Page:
The Bears were ahead 83-74 with 1:10 left, when a driving layup by Pierce and a layup off another Brown turnover by junior guard Blake Peters made it 83-78 20 seconds later.

After Lilly went 1-for-2 from the free throw line, Allocco hit a step-back three-pointer to make it a one-possession game, 84-81, with 45 seconds to go.

Lilly was again sent to the line, but this time he went 2-for-2 to make it a two-possession game.

With the ball in the hands of the Ivy Player of the Year, Pierce was stripped by Anya, who dished it to Alexander Lesburt Jr. and the sophomore guard delivered a fastbreak layup to up the lead to seven, 88-81.

Davis tried one last time to get the Tigers back into the game, but his jumper from outside the paint clanked off the rim and the game was effectively over.

Lilly finished the afternoon with a game-high 27 points and 10 assists, while Owusu-Anane notched 19 points and 15 rebounds. Anya had his own double-double with 13 points and 11 boards, and Lesburt, the recipient of several press-breaking passes, added 15 points (12 in the second half).

In the losing effort, Allocco, playing his last Ivy League contest, ended with 20 points and five three-pointers. Pierce, despite the late game turnover, had a stellar 19-point, 12-rebound performance. While Lee, the highly touted point guard, struggled (six points on 2-for-8 shooting) all day, Davis finished with a team-high 21 points, all of which came in the second half.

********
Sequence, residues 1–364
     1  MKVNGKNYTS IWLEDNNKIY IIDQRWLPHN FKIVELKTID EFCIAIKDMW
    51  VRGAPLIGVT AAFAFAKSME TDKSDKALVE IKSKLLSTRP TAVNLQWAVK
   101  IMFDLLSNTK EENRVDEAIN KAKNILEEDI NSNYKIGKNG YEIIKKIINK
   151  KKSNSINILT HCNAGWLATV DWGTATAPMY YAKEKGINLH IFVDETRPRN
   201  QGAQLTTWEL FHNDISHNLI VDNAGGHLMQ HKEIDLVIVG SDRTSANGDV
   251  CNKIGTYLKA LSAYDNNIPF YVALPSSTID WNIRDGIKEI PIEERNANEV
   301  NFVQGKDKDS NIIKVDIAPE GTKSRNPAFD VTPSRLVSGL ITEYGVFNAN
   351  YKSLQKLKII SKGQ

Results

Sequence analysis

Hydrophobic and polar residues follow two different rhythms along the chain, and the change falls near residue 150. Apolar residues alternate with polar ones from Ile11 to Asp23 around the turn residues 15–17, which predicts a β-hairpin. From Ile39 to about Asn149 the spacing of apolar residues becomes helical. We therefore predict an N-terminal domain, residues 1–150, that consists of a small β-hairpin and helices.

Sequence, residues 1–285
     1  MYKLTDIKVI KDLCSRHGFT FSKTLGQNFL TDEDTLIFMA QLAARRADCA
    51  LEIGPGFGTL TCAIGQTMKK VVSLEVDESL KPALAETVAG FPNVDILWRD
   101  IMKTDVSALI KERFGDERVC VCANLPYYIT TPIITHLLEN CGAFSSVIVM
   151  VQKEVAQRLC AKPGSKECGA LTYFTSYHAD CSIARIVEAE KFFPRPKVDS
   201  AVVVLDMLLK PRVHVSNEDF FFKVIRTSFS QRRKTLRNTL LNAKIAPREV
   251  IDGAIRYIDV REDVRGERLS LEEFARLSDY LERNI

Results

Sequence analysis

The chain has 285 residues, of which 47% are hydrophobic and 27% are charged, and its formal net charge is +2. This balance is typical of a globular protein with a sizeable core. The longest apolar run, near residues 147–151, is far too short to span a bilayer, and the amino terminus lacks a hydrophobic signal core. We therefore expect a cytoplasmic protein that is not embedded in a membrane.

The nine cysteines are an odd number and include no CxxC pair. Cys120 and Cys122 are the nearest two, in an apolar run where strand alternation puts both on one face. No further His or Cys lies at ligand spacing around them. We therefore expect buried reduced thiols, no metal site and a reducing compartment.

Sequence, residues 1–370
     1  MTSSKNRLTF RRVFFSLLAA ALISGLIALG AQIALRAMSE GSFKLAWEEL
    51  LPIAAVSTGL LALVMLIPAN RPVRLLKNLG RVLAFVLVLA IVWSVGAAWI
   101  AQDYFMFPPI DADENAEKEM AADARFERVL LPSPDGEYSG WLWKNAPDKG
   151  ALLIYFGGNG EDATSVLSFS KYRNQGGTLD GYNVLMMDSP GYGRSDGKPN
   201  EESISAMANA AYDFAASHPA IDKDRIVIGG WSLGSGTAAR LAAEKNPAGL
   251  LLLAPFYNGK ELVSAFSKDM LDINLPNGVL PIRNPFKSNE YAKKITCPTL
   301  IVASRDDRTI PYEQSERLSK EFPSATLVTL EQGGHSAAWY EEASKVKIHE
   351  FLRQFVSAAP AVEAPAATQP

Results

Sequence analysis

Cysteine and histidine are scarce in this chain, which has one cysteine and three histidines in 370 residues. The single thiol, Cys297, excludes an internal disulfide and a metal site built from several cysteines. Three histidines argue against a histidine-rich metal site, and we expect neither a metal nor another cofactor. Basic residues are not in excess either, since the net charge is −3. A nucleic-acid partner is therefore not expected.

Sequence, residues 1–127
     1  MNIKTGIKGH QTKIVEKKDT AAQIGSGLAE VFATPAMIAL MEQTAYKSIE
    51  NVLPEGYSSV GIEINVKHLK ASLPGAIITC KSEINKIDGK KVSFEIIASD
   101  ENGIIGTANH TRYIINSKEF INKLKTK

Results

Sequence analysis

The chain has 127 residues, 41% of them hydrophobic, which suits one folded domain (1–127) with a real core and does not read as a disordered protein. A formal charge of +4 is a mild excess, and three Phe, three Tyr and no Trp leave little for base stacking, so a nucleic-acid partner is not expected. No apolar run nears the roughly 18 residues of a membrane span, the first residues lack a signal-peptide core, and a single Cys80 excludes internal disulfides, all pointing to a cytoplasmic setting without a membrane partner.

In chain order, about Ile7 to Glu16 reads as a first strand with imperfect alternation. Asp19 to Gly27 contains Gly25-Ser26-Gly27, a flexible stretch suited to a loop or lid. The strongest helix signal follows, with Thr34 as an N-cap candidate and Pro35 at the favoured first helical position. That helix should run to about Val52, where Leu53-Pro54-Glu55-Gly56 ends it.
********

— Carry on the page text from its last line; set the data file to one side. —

Things were tense in the Princeton postgame press conference, where coach Mitch Henderson came out by himself.

With rumors attaching his name to openings at Stanford, Michigan and Vanderbilt, many in the room, as well as many in Tiger Nation, wondered if this would be his last presser for the Orange & Black.

“We’ve not been down like that all season,’ the league’s Coach of the Year told the media. We played 28 games and had great fight and togetherness, but tonight we were a step off in all spots, and maybe that’s my fault. We were number one in the country in not turning the ball over, but we turned the ball over a lot, and it really hurt us.”

In the Brown postgame presser, the Bears leader opened by extolling the virtues of his opponents.

“First off, I just have so much respect for Princeton and they’ve had an amazing season. They should be considered for the NCAA Tournament, but they’ll keep on playing,” Martin stated to the crowd. “Princeton’s a terrific team and incredible Ivy League champions.”

After a season of injuries and a 2-6 start to league play, Brown’s all-time winningest coach went on to praise his team’s resiliency.

“They played like the team we thought we were back in August,” Martin told the media. “When you go through those experiences, if you can stay with it and stay connected and continue to believe, it’s only going to make you that much better when you get through.”

Asked whether he preferred to face Yale or Cornell, two teams that the Bears defeated on road during their present seven-game winning streak, the 12-year head coach had no opinions.

“[This was o]nly one win, when we came here to obviously get two,” Martin stated thoughtfully. “It’s going to be an unbelievable challenge regardless of who we play.”

1 thought on “How No. 4 Brown toppled No. 1 Princeton to head to Ivy League Tournament final”

  1. As disappointing as this loss is for Orange and Black nation, you’ve got to feel good for Mike Martin and his Brown Bears. Martin is one of the truly good guys in college basketball. I was in the room to hear his gracious remarks toward Princeton and was touched by his sincerity. No one deserves this moment more than Mike. Congratulations to Coach Martin and Brown.